JUVENILE IDIOPATHIC ARTHRITIS IN NEW ZEALAND
Arthritis is often associated with older people but it can also affect children. Juvenile Idiopathic Arthritis (JIA) is defined as long-term (chronic) arthritis in one or more joints that begins before the age of 16 and lasts at least six weeks. It is thought that JIA affects around one in 1000 children in New Zealand. Children with JIA can experience pain, tiredness and difficulty in getting around. It is not known what causes JIA. In fact, the word idiopathic in the name actually means ‘of unknown origin’. Research suggests that some genes and environmental triggers, such as infection, may play a role in its development. JIA is not considered hereditary and rarely runs in families.
There are different types of JIA, two examples are systemic and polyarticular. Children who have systemic arthritis may experience fevers and rashes. This means they often have time off from school, which can lead to feeling isolated. Children who have polyarticular JIA have arthritis that affects five or more joints. Sometimes the neck, jaw joints and small joints in the hands and feet are affected.
If JIA is left untreated, or treatment fails to reduce symptoms, complications can occur. These can include growth problems, holes in the bones (erosions) and weak bones (osteopenia). The good news is that when JIA is correctly treated, most children will not experience complications, and some will outgrow their arthritis as they mature.
WHAT ARE THE SYMPTOMS?
JIA is a long-term (chronic) inflammatory condition caused when a child’s own immune cells attack their joints.
The signs and symptoms of JIA often change over time. In many cases, symptoms improve as the child gets older, and some children may become symptom free (full remission).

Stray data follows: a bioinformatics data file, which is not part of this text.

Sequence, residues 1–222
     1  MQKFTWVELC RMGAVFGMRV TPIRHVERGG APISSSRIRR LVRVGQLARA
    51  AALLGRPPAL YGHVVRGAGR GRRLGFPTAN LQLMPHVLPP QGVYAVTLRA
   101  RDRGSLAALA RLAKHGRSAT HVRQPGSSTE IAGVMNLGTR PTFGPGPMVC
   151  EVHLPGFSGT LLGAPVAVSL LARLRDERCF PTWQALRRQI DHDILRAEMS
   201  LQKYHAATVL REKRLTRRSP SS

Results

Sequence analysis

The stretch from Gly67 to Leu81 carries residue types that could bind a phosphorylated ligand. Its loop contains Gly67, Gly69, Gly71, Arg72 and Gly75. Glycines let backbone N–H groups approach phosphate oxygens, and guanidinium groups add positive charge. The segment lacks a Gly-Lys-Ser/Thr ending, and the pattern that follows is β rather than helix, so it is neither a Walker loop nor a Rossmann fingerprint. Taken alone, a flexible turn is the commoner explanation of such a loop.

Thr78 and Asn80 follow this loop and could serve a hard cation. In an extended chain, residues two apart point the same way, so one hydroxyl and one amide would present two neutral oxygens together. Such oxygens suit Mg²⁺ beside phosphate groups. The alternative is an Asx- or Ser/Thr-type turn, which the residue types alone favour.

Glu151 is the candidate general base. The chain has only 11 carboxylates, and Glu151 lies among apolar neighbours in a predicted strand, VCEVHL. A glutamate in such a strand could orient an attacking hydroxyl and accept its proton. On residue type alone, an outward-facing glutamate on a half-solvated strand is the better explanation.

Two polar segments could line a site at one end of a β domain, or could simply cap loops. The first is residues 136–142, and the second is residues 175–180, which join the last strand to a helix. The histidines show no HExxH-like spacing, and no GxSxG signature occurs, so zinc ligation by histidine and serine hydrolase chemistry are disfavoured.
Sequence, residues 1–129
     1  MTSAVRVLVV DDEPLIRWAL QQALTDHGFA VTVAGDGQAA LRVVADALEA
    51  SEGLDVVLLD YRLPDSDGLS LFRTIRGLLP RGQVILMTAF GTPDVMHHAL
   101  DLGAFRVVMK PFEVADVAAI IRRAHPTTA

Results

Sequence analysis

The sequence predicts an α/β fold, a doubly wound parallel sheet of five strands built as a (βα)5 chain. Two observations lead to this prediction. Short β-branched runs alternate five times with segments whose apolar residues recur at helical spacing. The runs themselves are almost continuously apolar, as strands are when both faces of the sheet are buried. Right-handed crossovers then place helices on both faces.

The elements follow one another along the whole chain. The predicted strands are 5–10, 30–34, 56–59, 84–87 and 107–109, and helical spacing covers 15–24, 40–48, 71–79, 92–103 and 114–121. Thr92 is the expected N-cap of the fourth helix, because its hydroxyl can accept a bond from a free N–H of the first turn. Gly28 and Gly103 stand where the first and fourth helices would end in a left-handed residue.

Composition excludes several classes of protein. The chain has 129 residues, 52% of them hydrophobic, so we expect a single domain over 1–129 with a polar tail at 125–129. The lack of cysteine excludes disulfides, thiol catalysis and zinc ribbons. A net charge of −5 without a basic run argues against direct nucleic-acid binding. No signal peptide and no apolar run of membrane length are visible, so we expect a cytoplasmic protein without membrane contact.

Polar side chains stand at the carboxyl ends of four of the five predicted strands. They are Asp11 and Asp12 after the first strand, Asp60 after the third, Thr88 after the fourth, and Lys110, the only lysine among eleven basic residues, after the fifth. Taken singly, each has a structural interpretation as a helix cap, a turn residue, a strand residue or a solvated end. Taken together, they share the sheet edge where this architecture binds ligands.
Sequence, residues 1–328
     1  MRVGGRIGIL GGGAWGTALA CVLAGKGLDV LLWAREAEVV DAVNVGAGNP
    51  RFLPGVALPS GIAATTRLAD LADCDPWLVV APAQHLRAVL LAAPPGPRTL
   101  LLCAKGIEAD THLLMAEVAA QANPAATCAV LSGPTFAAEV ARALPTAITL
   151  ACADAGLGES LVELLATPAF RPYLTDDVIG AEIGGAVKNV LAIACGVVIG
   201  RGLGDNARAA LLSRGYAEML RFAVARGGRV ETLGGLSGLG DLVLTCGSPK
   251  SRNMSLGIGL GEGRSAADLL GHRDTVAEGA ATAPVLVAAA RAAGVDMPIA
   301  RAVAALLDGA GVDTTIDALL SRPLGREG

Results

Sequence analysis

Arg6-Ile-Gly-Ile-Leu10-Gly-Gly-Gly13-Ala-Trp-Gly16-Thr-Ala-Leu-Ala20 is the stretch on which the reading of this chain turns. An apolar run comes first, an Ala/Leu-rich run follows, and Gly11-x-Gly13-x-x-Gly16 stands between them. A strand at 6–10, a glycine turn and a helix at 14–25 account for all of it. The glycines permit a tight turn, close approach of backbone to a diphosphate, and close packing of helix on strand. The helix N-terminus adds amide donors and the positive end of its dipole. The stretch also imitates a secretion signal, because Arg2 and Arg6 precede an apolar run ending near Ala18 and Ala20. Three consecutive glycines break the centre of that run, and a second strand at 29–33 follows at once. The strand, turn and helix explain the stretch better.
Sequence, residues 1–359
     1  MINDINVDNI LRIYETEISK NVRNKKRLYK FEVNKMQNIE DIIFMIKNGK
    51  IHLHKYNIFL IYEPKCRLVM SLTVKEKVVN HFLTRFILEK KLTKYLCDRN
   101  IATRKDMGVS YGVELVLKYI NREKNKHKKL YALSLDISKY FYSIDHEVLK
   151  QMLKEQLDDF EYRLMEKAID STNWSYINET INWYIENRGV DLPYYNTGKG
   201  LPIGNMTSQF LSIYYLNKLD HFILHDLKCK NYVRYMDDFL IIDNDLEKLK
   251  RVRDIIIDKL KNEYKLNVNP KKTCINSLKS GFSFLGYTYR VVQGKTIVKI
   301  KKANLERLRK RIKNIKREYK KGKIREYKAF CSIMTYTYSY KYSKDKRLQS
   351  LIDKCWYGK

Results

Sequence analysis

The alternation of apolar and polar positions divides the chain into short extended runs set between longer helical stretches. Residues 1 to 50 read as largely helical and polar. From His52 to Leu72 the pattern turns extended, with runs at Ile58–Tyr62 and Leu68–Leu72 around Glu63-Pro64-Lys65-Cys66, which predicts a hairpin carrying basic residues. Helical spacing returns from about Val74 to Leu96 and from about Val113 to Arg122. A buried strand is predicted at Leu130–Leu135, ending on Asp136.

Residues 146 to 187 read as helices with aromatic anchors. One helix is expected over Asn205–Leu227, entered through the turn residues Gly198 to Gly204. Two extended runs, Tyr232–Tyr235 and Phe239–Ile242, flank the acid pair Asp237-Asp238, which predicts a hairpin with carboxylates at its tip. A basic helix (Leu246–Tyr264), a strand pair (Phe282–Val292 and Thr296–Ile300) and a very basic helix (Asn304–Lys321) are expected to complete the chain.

Most people have flexible joints. The ends of the bone inside joints are protected from wear and tear by healthy cartilage - a hard, shiny plastic-like material. Healthy cartilage is important, it keeps joints moving smoothly, and also helps muscles, tendons and ligaments do their jobs. Cartilage is also protected by synovial fluid that “oils” it and keeps it healthy. The joint is surrounded by a capsule with a thin smooth lining (the synovium) that keeps the fluid in place.
In JIA, the joint lining becomes inflamed and thickened, and synovial fluid may build up inside the capsule, which adds to the swelling. The inflamed joint lining may produce chemicals that damage the bone and cartilage in the joint. This inflammation of the joints (or of other parts of the body) can be painful, and sometimes disabling.
Symptoms may include:
- Pain, swelling or stiffness in the joints, especially in the mornings
- Loss of appetite or loss of weight
- Limping or a younger child may stop wanting to use their feet
- High fever and skin rash (systemic JIA)
- Swelling in the lymph nodes in the neck or other parts of the body
HOW IS IT DIAGNOSED?
JIA can be difficult to diagnose because the symptoms can differ between children, and they can appear like other childhood illnesses. If it is suspected, your doctor will refer your child to a specialist in juvenile arthritis.
- Take a detailed medical history of your child and the rest of the family
- Give your child a detailed physical examination – joints, reflexes and muscle strength
- Consider laboratory tests, like blood and urine
- Consider x-rays or other scans, such as MRI scans
Some tests may be repeated over time. This allows the specialist to track changes in your child’s symptoms. It is important to do this so the correct diagnosis is made. The specialist will then make sure your child receives the most appropriate treatment for the type of arthritis that they have.